In 1991, 16 people came together with one vision. Their story continues today.
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In 1991, a group of sixteen Nashvillians came together with one dream — to expand Nashville’s base of community volunteers.
With heart and passion, the group was seeking a more innovative approach to volunteerism. They wanted to offer individuals a flexible schedule of diverse and meaningful volunteer opportunities.
The group, volunteers in their own right, was led by Hal Cato. Hal at the time served as a volunteer for Meals on Wheels during his lunch break. He had such a rewarding experience that he started bringing friends along to deliver meals with him. Soon, these friends began developing volunteer opportunities with other nonprofits.
As this passion for service grew, Cato became aware of the work that a forward-thinking volunteer group in Atlanta was doing – this group would later form HandsOn Network. After visiting with the folks in Atlanta, Cato and his friends said, “Let’s do this in Nashville, too.” And the idea was born to create an organization that makes it easy for people to find meaningful volunteer opportunities in the Nashville area.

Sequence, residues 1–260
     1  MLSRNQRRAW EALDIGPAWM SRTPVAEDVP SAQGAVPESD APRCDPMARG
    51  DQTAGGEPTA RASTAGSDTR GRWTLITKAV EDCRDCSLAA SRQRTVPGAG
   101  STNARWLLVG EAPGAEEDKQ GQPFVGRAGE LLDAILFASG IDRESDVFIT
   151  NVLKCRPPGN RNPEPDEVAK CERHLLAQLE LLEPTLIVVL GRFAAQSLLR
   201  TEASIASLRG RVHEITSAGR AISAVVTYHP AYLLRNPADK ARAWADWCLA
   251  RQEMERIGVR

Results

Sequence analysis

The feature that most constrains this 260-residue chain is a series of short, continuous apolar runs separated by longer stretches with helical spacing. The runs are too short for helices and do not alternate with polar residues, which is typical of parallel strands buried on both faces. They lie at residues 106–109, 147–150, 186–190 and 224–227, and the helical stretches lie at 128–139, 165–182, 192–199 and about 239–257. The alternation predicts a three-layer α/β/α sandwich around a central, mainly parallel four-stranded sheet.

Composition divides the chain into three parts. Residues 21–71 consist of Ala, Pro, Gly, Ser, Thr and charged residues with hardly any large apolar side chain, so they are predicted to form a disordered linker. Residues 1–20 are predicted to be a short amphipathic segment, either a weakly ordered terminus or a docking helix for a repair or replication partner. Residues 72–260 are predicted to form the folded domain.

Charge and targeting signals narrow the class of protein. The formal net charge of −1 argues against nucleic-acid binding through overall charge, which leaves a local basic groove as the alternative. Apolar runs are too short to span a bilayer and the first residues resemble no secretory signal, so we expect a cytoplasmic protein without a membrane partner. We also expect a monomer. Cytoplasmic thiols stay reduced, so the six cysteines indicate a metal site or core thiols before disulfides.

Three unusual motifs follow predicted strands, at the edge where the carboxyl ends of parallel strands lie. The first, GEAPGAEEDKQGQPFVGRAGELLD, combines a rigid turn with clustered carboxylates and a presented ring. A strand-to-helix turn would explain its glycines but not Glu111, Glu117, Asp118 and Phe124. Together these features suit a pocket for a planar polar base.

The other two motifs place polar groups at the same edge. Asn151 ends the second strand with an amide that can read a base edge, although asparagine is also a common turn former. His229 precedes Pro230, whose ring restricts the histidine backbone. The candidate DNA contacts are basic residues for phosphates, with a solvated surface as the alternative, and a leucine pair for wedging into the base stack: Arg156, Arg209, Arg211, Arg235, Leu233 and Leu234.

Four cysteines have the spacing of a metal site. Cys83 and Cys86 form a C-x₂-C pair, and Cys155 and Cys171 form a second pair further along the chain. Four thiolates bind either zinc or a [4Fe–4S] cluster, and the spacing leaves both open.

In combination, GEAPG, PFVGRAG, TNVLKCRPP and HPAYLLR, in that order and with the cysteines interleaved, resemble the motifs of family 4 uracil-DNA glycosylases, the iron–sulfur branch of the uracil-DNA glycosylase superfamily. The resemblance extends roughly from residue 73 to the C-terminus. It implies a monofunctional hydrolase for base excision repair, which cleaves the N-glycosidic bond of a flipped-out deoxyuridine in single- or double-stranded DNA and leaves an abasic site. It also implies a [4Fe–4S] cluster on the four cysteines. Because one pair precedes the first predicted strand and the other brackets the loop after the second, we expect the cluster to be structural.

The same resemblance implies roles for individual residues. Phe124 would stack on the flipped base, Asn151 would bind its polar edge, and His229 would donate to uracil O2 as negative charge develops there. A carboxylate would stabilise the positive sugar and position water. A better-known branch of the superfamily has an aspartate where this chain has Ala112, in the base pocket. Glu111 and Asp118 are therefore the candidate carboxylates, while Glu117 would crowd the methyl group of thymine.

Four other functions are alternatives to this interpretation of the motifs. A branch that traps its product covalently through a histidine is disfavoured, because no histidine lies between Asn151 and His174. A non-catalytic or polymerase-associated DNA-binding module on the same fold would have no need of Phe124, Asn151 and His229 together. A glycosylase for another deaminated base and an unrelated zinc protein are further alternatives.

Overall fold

The organization began as a true grassroots effort. In the first year of operation, there were no paid staff or budget, and Cato provided office space in his home. The group set a goal to recruit 250 volunteers, and they created fliers listing volunteer opportunities and left them in people’s mailboxes.
The first project calendar was printed in June of 1991. By December, the project calendar had expanded to include 10 projects. In 1992, the Board coordinated a city-wide day of volunteerism called Hands On Nashville Day, and on October 31, 1992 1,100 people joined together to “Lend Nashville A Hand”.
Based on other successful groups in New York, Washington D.C. and Atlanta, Hands On Nashville became the fourth “Hands On” agency in America.
Today, their legacy continues, with thousands of volunteers uniting in service each year.
When referring back to the beginnings of the organization, founders have often referenced a quote from Margaret Mead that still rings true for the organization today:
“Never doubt that a small group of thoughtful, committed citizens can change the world; indeed, it’s the only thing that ever has.”